(Bloomberg) -- The manager of a bankrupt Michigan dam company is blaming actions by regulators and residents for contributing to his dam’s collapse, which left entire communities flooded.

“I am frustrated by years of unwillingness by homeowners to contribute to improvements that could have improved the dam for everyone, and with the regulatory decisions that directly caused this catastrophe,” said Lee Mueller, a managing member at Boyce Hydro LLC and Boyce Hydro Power LLC, in a bankruptcy declaration filed Aug. 3.

Two of Boyce’s dams collapsed after days of heavy rain in late May. The Edenville Dam was breached on May 19, unleashing water that subsequently destroyed the company’s Sanford Dam. More than 10,000 people were evacuated from the city of Midland and the surrounding area.

In May, Boyce blamed the surrounding communities and said it rejected funding to upgrade the dam structures, which would have enabled the Edenville Dam to withstand more water. The privately held company said it couldn’t afford additional spillway capacity in court documents, and that its efforts to lower the water upstream to safe levels in prior years met intense opposition, in part because of concern about wetlands and freshwater mussels.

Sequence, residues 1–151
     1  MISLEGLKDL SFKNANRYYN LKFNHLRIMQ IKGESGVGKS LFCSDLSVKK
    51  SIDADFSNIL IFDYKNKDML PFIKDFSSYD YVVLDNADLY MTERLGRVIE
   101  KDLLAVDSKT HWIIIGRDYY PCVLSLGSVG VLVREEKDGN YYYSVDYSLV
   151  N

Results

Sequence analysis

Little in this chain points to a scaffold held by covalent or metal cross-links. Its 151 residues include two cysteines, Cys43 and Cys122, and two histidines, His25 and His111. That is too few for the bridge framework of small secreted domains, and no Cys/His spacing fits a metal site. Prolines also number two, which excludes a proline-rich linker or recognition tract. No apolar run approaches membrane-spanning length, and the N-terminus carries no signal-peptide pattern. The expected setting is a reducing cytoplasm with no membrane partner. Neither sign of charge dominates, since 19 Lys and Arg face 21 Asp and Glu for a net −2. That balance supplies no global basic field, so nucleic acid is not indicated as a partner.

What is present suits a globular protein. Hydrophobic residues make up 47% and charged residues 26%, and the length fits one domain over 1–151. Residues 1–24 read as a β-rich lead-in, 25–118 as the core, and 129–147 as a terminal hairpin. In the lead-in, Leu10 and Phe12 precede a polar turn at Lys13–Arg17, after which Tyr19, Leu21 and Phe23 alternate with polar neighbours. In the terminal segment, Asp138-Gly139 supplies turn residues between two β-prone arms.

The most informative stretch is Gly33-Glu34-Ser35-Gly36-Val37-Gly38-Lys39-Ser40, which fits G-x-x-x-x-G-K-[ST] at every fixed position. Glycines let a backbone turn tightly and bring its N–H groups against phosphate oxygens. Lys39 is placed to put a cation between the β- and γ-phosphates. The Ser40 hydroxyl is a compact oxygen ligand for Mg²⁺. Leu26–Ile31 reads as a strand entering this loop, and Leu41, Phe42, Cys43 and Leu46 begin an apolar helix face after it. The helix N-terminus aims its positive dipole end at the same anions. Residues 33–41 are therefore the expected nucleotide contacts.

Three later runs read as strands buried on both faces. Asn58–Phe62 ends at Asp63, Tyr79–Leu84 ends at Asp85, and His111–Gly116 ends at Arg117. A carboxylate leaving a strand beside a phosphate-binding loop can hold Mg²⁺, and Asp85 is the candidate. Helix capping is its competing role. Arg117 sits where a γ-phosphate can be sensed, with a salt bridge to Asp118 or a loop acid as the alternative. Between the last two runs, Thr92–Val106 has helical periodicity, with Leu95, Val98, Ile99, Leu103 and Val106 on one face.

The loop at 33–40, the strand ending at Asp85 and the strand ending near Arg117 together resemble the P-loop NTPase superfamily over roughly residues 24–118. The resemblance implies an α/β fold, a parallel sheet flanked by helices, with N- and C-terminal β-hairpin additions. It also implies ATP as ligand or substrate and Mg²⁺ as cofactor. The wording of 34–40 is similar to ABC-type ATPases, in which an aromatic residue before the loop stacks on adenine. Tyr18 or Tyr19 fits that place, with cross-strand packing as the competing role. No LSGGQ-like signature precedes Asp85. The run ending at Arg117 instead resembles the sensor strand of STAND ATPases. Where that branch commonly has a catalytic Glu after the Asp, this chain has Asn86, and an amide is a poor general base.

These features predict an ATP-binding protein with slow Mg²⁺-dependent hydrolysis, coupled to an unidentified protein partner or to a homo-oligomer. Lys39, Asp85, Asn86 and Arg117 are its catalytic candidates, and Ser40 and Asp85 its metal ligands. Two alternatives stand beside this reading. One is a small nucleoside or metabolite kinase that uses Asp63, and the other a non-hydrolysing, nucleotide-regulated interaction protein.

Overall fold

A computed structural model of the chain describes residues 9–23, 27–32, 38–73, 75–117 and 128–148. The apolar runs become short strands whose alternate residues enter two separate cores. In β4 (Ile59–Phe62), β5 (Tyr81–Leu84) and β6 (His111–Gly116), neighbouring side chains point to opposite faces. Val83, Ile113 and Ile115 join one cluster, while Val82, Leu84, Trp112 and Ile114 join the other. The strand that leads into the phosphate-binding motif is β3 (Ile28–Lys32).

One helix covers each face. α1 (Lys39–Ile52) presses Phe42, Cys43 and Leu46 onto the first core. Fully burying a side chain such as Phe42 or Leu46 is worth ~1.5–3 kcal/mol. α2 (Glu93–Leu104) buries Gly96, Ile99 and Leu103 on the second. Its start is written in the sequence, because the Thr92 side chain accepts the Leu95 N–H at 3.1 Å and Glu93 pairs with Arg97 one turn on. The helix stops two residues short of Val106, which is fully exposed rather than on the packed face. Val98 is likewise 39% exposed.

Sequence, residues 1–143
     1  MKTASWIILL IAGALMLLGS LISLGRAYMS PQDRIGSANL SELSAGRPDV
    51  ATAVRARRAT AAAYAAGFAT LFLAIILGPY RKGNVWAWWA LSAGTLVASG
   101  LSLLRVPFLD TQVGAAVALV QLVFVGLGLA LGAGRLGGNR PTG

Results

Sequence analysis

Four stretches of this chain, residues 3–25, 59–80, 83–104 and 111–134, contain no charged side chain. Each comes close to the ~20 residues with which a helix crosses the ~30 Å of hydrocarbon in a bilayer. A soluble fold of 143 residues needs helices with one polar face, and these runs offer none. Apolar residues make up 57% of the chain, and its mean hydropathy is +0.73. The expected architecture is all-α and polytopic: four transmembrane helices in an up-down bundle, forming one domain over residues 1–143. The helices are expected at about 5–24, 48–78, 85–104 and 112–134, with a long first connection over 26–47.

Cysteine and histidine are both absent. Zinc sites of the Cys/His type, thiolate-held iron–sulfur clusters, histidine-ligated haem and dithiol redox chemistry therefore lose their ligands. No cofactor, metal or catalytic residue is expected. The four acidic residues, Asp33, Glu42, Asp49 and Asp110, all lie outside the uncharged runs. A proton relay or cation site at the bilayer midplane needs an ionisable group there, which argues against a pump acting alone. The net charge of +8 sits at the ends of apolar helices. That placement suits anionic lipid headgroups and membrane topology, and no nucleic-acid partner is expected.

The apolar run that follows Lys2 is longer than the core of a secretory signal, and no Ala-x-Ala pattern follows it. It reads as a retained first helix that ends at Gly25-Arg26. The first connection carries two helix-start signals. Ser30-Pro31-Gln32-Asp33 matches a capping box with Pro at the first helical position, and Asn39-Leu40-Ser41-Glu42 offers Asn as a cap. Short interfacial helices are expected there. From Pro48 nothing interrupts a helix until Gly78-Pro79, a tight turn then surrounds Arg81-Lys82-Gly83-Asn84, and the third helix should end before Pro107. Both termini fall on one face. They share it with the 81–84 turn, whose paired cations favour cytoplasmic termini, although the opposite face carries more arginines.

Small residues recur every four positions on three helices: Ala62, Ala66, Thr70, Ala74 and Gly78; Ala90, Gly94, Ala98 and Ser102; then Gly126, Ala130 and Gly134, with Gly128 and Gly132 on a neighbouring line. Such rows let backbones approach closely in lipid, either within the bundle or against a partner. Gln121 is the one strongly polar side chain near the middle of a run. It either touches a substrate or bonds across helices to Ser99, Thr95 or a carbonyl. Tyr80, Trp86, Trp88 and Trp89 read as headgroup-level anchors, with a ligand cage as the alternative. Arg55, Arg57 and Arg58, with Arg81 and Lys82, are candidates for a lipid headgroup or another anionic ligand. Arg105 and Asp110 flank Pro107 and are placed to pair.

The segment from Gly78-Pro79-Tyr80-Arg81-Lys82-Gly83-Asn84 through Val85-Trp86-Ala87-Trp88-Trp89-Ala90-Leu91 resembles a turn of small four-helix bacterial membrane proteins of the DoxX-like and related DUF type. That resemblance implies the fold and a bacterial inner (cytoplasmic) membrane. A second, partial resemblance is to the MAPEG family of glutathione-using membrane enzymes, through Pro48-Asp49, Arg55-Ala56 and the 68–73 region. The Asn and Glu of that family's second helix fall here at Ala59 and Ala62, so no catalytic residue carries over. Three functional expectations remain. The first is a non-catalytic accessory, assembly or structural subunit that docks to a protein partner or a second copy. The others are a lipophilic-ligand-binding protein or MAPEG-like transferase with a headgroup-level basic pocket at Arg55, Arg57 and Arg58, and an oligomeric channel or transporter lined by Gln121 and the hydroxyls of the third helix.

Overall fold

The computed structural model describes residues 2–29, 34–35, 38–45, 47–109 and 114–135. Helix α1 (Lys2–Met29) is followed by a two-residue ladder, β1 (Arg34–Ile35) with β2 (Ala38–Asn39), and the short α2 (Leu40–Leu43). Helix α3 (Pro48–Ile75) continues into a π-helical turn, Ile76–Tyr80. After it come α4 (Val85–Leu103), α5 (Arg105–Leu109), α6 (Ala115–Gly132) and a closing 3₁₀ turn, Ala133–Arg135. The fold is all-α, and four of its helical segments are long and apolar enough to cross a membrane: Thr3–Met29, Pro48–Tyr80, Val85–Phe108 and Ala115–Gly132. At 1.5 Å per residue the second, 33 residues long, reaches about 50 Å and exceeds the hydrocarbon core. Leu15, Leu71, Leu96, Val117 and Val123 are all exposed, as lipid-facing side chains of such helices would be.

“This catastrophic event is exactly what I and the debtors had long been trying to prevent,” Mueller said in the documents.

Boyce filed for Chapter 11 bankruptcy in U.S. Bankruptcy Court in the Eastern District of Michigan on July 31. It estimated assets at $10 million to $50 million and liabilities of $1 million to $10 million. The company had four dams along the Tittabawassee River that were built in the early 1920s, according to court documents.

The case is Boyce Hydro LLC, 20-21214, U.S. Bankruptcy Court in the Eastern District of Michigan.

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